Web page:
Human Nature

Saturated Fat

The genetic limits of obesity.

An overweight couple

Good news: Child obesity in the United States has stopped increasing. Government data analyzed in the Journal of the American Medical Association tell the story. According to a New York Times summary, “in 1980, 6.5 percent of children age 6 to 11 were obese, but by 1994 that number had climbed to 11.3 percent. By 2002, the number had jumped to 16.3 percent, but it has now appeared to stabilize around 17 percent.”

Experts are jubilant. Here’s the Washington Post:

“This lets us know that the epidemic is not an unstoppable epidemic and gives us hope our collective work can reverse it,” said Risa Lavizzo-Mourey, president and chief executive of the Robert Wood Johnson Foundation, a private nonprofit group that helps fund anti-obesity programs. “It tells us that when we all work together—parents and schools, government, voluntary organizations, industry—we can make a difference.”

The Associated Press reports similar excitement:

Dr. Reginald Washington, a children’s heart specialist in Denver and member of an American Academy of Pediatrics obesity committee, said “the country should be congratulated” if the rates have in fact peaked. “There are a lot of people trying to do good things to try to stem the tide,” Washington said. Some schools are providing better meals and increasing physical education, and Americans in general “are more aware of the importance of fruits and vegetables,” he said.

But wait: There’s a problem. The stabilization may not be due to remedial interventions. According to the Times and other papers,

One concern is that the lull could represent a natural plateau that would have occurred regardless of public health efforts. “It may be that we’ve reached some sort of saturation in terms of the proportion of the population who are genetically susceptible to obesity in this environment,” Dr. Ogden [the study’s lead author] said. “A more optimistic view is that some things are working.”

Bummer, huh? All that work we’ve been doing to teach healthy eating and exercise habits—irrelevant? Is the leveling off in child obesity just a product of genetic exhaustion?

I sure hope so.

I don’t mean to dismiss the importance of changing habits. We’ll need every bit of those changes to drive obesity back down to 1980 levels. But when you hear talk of making the world a better place, don’t underestimate how much worse things can get. Job number one is to halt the frightening increase in fat. And the strongest ally we could ask for in holding that line isn’t effort or education. It’s genetics.

If, at 17 percent, we’ve hit the “saturation” point for child obesity, we’re extremely lucky. There’s no historical basis for knowing where the saturation point is, since our species has never before lived in an environment so full of ease and abundance. The far more dangerous possibility is that the saturation point is higher. In fact, given that we evolved in conditions of scarcity, it’s logical to suspect that the tendency to seek and store fat is nearly universal. As the Los Angeles Times observes, “the idea that childhood weights have simply topped out doesn’t quite square … [One expert] said the fact that 60% of U.S. adults were either overweight or obese suggested that children had plenty of room to grow.”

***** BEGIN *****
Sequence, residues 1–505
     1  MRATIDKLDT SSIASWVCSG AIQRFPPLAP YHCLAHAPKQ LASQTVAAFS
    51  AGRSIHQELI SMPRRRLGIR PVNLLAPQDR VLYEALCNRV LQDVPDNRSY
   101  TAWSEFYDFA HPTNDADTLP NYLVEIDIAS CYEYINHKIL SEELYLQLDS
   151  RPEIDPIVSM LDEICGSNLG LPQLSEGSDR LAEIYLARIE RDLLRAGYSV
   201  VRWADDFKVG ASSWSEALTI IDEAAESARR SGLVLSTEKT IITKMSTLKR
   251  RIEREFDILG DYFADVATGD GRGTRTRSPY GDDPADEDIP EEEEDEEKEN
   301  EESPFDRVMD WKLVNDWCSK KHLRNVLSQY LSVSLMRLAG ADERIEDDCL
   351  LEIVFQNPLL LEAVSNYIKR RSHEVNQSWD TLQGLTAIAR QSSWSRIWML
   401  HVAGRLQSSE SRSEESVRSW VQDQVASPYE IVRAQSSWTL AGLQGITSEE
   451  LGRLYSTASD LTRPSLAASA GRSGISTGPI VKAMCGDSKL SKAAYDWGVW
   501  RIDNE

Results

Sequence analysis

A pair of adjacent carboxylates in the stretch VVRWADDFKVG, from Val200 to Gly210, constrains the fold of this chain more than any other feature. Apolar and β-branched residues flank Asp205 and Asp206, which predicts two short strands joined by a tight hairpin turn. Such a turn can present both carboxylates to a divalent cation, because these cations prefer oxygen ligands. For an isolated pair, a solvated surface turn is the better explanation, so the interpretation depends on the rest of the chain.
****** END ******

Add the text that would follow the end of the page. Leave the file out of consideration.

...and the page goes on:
Two years ago, when I was researching the global escalation of obesity, I came across the work of Barry Popkin, an epidemiologist who studies obesity and hunger at the University of North Carolina. He’s the guy who laid out the theory of how progress has changed our causes of death. In the hunter-gatherer era, if we didn’t find food, we died. In the agricultural era, if our crops perished, we died. In the industrial era, famine receded, but infectious diseases killed us. Now we’ve achieved such control over nature that we’re dying not of starvation or infection, but of abundance.

You want a really scary explanation for the plateau in child obesity? Part of it, according to Popkin, may be economic. “When economic times are difficult, we always slow things down on lots of things, like eating,” he told the Post.

In other words, as the economy recovers and advances, so will obesity. And nobody knows where it’ll end.

So let’s stop “congratulating” ourselves for “trying to do good things” and “make a difference” in the fight against obesity. Let’s pray that a force stronger than human will is behind the current stabilization. Doing good is less important than being well.